“She knew more about battle strategy than anyone ever give her credit for. She hollowed out eggshells and put messages to them. She hollowed out spines of books and have them delivered to the Union camp.

The information has devastating effects on the front lines protecting the Capital of the Confederacy.

While neighbors scoff at her anti-slavery position  no one thinks the diminutive Van Lew is capable of orchestrating such an effective spy ring that would help the North win the war.

Varon says, “The sexism of Confederacy blinded them to her agency. She was a middle-aged spinster as far as they were concerned.”

After the guns fall silent and while the nation binds its wounds the veil of secrecy is ripped from Van Lew's espionage machine.

“She was universally hated in the city,” says Bergman.

Former General now President Ulysses S. Grant commends Van Lew and names her post-mistress of Richmond. A plum position wielding a lot of power. She hires newly emancipated African-Americans and women to fill top positions.

“When we think about civil rights leaders we’ve not really thought about Elizabeth Van Lew.”

The Virginia Historical Society's Caroline Legros guesses most Richmonders don’t know anything about Van Lew’s exploits.  “She was a surprise and a shock. I think Richmonders weren’t ready for her. I think she was somebody outside of her time and the city hated it.

Van Lew uses her job as a bully pulpit  fighting tirelessly for racial and gender equality. Labeled a traitor to the "Lost Cause" - the firebrand is threatened and bullied. But not deterred.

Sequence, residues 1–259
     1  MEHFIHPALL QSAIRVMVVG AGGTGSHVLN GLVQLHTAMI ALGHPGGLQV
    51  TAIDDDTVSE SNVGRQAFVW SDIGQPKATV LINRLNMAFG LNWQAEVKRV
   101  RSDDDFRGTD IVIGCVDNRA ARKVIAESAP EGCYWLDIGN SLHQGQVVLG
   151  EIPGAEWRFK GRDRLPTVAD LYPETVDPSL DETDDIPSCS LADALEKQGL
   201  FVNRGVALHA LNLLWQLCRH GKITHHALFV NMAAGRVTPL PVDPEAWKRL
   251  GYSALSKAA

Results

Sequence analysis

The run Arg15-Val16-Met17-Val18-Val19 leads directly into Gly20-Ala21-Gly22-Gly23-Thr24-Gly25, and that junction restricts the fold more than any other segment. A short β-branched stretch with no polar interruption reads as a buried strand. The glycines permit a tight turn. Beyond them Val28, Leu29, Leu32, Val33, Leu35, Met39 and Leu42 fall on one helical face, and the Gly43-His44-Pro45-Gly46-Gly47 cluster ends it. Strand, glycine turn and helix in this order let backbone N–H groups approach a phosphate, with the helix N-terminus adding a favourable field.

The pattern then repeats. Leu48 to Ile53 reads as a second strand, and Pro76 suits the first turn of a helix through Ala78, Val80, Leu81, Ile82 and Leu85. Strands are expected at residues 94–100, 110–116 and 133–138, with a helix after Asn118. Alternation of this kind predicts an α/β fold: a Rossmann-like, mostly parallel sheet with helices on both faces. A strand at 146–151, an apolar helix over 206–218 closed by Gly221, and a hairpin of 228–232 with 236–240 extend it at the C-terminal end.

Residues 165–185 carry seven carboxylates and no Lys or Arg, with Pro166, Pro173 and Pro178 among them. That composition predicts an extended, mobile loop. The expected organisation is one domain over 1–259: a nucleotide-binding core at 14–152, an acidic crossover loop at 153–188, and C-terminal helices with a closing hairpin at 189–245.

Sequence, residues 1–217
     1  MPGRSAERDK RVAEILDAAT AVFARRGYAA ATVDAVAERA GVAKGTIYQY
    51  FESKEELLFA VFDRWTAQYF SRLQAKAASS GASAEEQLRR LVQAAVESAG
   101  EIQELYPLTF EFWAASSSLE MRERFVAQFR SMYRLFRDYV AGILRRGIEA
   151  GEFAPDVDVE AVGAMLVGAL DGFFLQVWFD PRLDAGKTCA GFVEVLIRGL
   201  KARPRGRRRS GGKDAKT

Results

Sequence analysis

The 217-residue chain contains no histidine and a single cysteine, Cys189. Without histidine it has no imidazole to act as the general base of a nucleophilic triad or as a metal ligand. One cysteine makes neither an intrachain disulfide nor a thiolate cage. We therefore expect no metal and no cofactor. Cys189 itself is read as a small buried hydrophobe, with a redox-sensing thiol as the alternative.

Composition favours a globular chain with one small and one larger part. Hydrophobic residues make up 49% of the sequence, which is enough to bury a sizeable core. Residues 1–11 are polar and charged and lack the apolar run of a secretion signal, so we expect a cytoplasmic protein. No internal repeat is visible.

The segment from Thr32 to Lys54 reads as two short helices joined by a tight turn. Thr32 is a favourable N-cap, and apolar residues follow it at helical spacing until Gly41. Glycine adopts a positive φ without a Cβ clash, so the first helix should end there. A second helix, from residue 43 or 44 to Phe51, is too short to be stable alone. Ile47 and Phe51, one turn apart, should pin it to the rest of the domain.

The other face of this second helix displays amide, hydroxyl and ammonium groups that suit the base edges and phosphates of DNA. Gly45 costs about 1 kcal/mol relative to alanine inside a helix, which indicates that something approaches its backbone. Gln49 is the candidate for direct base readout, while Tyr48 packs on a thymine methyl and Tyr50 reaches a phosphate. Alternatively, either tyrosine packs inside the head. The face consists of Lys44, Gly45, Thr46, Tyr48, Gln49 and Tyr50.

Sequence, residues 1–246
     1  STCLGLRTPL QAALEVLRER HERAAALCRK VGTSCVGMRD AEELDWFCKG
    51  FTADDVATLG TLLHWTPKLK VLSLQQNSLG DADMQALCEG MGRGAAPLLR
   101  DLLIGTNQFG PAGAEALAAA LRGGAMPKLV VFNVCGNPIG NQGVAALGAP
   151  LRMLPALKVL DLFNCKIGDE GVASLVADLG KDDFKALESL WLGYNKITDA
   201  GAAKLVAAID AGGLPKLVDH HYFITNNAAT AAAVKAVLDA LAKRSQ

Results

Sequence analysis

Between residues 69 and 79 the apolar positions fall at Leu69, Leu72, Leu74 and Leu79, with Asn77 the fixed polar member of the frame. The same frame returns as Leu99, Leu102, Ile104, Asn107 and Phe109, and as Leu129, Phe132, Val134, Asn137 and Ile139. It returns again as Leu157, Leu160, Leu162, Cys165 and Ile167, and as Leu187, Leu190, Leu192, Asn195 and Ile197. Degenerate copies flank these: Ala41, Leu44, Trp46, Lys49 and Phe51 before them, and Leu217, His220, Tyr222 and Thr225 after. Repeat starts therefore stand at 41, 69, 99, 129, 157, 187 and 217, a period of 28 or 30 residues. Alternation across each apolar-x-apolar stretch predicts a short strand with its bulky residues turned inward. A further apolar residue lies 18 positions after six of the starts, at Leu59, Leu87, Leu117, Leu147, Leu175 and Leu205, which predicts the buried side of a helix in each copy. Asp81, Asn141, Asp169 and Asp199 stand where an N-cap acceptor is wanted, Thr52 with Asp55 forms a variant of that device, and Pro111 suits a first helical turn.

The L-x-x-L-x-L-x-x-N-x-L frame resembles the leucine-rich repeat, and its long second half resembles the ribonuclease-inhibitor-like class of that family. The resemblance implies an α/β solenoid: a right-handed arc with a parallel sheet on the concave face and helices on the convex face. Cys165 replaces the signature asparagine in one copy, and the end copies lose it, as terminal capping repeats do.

Dr. Lee says, "It says a great deal about her that she remained true to her cause.”

Neighbors shun the eccentric Van Lew like the plague forever calling her "Crazy Bet". Now penniless from helping the Union war effort and freeing countless slaves Van Lew falls on hard times.

Van Lew’s biographer Elizabeth Varon says, “The only people who stand by her are African Americans of Richmond.”

The family of a Union Soldier Van Lew helped while imprisoned in Richmond learns of her financial plight and sends money. Upon her death in 1900 Van Lew is buried in an unmarked grave in Shockoe Hill Cemetery. No monument was erected in her honor.  The once grand Van Lew mansion is demolished in 1911.

Richmond Haunts tour guide Bergman says, “She was not on the right side to be celebrated.

Years after her death Van Lew's abolitionist friends in New England help secure her legacy. They ship the massive stone and bronze plaque to Richmond. The delivery that makes bold headlines.

Bergman says, “As a grave marker it is interesting mostly of its simplicity.”

Historians say a century and a half after Van Lew wrote her chapter in history, it is about time her story emerges from the shadows.

“I think the long term history will be kind to her,” Bergman says. "Maybe she can come back and maybe she can be one of those forgotten heroes we no longer forget.”

As for her hefty shrine? Some say it is a fitting tribute  to the woman who was as unyielding as a boulder.

Dr. Lee says, “I think that we would want to remember what she has done not only African-Americans, but all of us.”

Elizabeth Van Lew is taking her place among some of the top spies in history. Van Lew is part of the Sisterhood of Spies gallery at the spy museum in Washington where you can see a book with a passage written in Van Lew's own handwriting. The passage? "Keep your mouth shut and your eyes and ears open".